Endocarditis is a bacterial or fungal infection that affects the heart valves and sometimes the inner lining of the heart chambers. Although it is an uncommon heart condition, it can have very serious consequences when it does occur.

Bacterial endocarditis occurs when bacteria enters the bloodstream, multiplies, and causes an infection in the heart. These bacteria can get into the bloodstream through a variety of methods, including dental and medical procedures and especially during surgery in other areas of the body.

Any person can develop this condition, but patients with damaged heart valves are at greater risk. Bacteria have great difficulty attaching to the smooth lining of normal heart valves. Damaged valves, however, have rough surfaces that bacteria stick to more easily. After attaching to the lining of the valves, these bacteria multiply and develop an infection. It is important to treat endocarditis as soon as possible. Left untreated, this infection can lead to heart failure, stroke and infections in other parts of the body.

Cardiovascular specialists at the Brigham and Women’s Hospital (BWH) Heart & Vascular Center offer comprehensive inpatient and outpatient clinical services to adults with endocarditis, from diagnosis to innovative surgical valve repair and replacement therapies.

Endocarditis Topics

Risk Factors for Endocarditis

Patients with damaged heart valves or a heart valve replacement are at greater risk for developing endocarditis. There are a number of ways that bacteria can get into the bloodstream and cause an infection in these patients’ valves, including:

  • Dental procedures, including teeth cleaning
  • Tonsillectomy or adenoidectomy
  • As a result of certain types of procedures involving the respiratory passageways, the gastrointestinal tract (colonoscopy), or the urinary tract
  • Gall bladder or prostate surgery
  • Catheters or needles
  • Skin sore or gum disease

Endocarditis can also affect people who have:

Symptoms of Endocarditis

Endocarditis symptoms, which may develop slowly or suddenly, include:

  • Fever, chills, and sweating (occurs in most cases)
  • Weakness and fatigue
  • Shortness of breath
  • Joint and muscle pain
  • Swelling in the feet, legs, or abdomen
  • Splinter hemorrhages - small areas of bleeding under the fingernails or toenails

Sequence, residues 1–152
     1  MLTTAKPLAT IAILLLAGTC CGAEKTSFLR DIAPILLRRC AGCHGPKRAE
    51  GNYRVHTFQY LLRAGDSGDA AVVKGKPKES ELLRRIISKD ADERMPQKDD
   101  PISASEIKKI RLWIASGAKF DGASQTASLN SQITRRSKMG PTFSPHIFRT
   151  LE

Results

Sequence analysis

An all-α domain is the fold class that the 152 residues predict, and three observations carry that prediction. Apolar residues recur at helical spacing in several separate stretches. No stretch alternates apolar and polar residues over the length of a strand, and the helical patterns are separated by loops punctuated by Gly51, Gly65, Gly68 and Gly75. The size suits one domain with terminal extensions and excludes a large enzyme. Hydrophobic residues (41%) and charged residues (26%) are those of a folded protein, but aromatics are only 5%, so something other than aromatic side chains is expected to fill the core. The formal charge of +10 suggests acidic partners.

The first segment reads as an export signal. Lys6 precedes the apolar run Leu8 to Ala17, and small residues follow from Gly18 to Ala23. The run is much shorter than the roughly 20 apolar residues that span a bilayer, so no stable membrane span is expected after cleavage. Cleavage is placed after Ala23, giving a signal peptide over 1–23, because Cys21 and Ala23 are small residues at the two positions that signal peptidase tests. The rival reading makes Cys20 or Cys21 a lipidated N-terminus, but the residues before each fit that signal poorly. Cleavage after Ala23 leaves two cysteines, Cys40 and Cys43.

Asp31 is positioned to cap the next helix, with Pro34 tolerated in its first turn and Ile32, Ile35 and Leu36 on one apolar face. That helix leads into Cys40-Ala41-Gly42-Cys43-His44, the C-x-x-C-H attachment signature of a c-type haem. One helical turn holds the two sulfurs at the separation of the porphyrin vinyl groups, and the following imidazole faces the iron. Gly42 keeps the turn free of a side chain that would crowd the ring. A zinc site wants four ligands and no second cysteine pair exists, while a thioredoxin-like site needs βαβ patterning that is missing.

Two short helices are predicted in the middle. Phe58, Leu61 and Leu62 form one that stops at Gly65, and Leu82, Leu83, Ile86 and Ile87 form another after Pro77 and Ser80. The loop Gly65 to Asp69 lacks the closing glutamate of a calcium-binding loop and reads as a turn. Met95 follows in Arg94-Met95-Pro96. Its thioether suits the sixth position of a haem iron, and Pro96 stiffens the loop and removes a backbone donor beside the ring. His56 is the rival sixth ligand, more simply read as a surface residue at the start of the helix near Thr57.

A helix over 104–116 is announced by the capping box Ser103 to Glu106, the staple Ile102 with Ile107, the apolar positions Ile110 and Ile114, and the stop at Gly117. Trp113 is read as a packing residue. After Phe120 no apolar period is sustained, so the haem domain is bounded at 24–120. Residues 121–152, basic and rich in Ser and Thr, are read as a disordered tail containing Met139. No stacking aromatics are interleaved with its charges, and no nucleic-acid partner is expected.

• Janeway lesions - red, painless spots on the palms of the hands and soles of the feet
  • Osler’s nodes – red, painful areas in the finger pads and toe pads
  • Petechiae – tiny red or purple spots (caused by bleeding) in the whites of the eyes
Diagnosis of Endocarditis

At Brigham and Women’s Hospital, our cardiovascular specialists provide expert evaluation and diagnosis with the aid of the latest in advanced imaging technologies. Along with performing a careful physical examination, your cardiologist may order one or more of the following imaging or lab tests:

Treatment for Endocarditis

Our cardiovascular specialists develop individualized treatment plans for patients based on:

  • Age
  • Overall health
  • Medical history
  • Severity and form of the disease
  • Tolerance for specific medications or procedures
  • Expectations for course of the disease
  • Presence of other conditions

Treatment may include:


  • Antibiotics. In most cases, you will first be treated with appropriate antibiotics to gain control of the infection before damage occurs. After the appropriate antibiotic is determined high dose therapy (often intravenously) will be administered over the course of several weeks.


If the antibiotic therapy fails to control the infection before severe valve damage occurs or the infection leads to embolization, surgery likely will be recommended. If valve damage is limited to the leaflets (flaps of tissue covering the valve openings) or the infection has spread into the heart, the following will be recommended:

What You Can Expect

The Heart & Vascular Center is located in the Shapiro Cardiovascular Center, across the street from BWH’s main 75 Francis Street entrance. The Heart & Vascular Center brings together the full range of services in one location, fostering seamless and coordinated care for all cardiovascular patients.

If you are having surgery or a procedure, you will likely be scheduled for a visit to the Watkins Clinic for pre-operative information and tests.

The day of surgery, you care will be provided by surgeons, anesthesiologists and nurses who specialize in surgery for patients with endocarditis. After surgery, you will go to the post-surgical care unit where you will receive comprehensive care by an experienced surgical and nursing staff.

During your surgery, family and friends can wait in the Shapiro Family Center. Staff members will provide surgery updates and caregivers who leave the hospital will be contacted by cell phone.

Download Cardiac Surgery: A Guide for Patients

Multidisciplinary Care

Patients benefit from the teamwork of medical cardiologists, interventional cardiologists, cardiac surgeons, cardiovascular imaging experts and radiologists, and anesthesiologists, all experts in endocarditis. They work alongside nurses, physician assistants, physical therapists, dietitians and social workers to achieve outstanding outcomes for our patients.


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